Women who choose to get postmenopausal hormone therapy should consider timing — waiting longer than 10 years after the fact could lead to coronary heart disease, finds a new study published in The New England Journal of Medicine.

Dozens of studies have suggested that women who start therapy before menopause to relieve their symptoms, like the infamous hot flashes, reap cardiovascular health benefits. Researchers believe the hormones slow down the rate of fatty plaque buildup in the coronary arteries, a process known as atherosclerosis. But according to the authors, this is the first study to directly examine the idea that therapy timing determines the extent of these benefits.

To test the theory, they recruited 643 women with no history of heart disease or diabetes who had entered menopause either six or 10-plus years earlier. The first group would be early in postmenopause, and the second in a later stage.

The authors randomly assigned women to take daily estrogen pills and apply a hormonal vaginal gel, or to a group using placebo pills and gel. Every six months, the researchers measured the thickness of the women’s arteries in order to track the rate of atherosclerosis.

The results showed that estrogen pills, with or without the vaginal gel, significantly slowed the progression of plaque build up only in women who were early into menopause, a finding consistent with prior studies, the authors said. However, the overall effect hormone therapy had on risk factors for heart disease did not differ between the early and late menopause groups.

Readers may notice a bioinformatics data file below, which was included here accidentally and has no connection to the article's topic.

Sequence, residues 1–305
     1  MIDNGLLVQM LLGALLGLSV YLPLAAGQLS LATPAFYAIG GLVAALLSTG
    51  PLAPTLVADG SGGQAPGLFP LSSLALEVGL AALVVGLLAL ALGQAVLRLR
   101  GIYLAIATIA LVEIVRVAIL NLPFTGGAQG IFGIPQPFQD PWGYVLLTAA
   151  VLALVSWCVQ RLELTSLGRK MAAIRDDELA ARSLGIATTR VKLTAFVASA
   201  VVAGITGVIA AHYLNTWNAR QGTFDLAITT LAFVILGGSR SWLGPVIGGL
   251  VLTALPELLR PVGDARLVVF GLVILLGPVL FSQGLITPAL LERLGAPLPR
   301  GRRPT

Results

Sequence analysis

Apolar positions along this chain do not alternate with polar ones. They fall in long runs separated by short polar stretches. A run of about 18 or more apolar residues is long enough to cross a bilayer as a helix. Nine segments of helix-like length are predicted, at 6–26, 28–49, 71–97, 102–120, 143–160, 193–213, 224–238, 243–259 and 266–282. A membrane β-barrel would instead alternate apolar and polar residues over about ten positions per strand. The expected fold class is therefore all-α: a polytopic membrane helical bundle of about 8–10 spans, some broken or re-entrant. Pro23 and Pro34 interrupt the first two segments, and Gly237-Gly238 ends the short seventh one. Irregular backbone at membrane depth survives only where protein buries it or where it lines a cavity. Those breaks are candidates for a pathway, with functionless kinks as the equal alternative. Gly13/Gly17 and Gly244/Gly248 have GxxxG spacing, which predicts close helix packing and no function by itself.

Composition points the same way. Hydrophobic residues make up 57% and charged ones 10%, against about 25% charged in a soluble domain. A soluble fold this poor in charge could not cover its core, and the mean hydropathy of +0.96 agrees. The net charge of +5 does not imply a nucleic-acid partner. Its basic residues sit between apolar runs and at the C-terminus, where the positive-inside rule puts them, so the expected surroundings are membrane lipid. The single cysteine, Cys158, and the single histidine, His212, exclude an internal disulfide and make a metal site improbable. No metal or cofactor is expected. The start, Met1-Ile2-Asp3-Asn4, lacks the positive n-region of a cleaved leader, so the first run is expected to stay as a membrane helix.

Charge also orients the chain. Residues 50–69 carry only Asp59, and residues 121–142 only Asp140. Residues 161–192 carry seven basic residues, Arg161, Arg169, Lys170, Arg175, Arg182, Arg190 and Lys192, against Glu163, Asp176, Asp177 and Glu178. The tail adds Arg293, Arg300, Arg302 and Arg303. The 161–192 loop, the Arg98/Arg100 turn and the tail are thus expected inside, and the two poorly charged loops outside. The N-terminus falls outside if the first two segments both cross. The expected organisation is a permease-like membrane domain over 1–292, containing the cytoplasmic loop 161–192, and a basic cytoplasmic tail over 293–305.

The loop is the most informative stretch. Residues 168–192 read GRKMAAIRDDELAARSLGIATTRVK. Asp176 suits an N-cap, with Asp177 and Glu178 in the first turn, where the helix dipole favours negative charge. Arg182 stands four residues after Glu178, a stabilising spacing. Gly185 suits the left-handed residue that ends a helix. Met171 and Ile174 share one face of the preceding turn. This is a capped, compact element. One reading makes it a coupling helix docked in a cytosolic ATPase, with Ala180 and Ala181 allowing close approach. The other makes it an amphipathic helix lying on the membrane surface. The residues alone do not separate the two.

The findings, then, are a proof of concept. Lead study author Dr. Howard N. Hodis, director of the atherosclerosis research unit at the Keck School of Medicine, said in a press release that the next step is to build on this data and investigate why, exactly, hormone therapy is more effective when started sooner rather than later. He’s also interested to see whether non-hormonal strategies have a similar effect. For example, lifestyle changes such as dressing and eating to avoid being too warm, may reduce hot flashes, the National Institutes of Health reported.

"We believe that applying this design to further examination of heart disease prevention could ultimately prove immensely fruitful for women's health,” Hodis said. “The concept of timing of initiation of an intervention is likely applicable to most preventive approaches to cardiovascular disease in women.”

And that’s ultimately what he and his colleagues hope to do; develop a more effective and precise therapy to prevent heart disease in women. Coronary heart disease is the most common type, generally speaking. It kills more than 370,000 people annually, according to the Centers for Disease Control and Prevention, although risk factors and death rates vary across ages, races, and ethnicities.

"Time is of the essence" may be cliche, but when it comes to women’s heart health, it’s a reality.

Source: Hodis HN, et al. V ascular Effects of Early versus Late Postmenopausal Treatment with Estradiol. New England Journal of Medicine. 2016.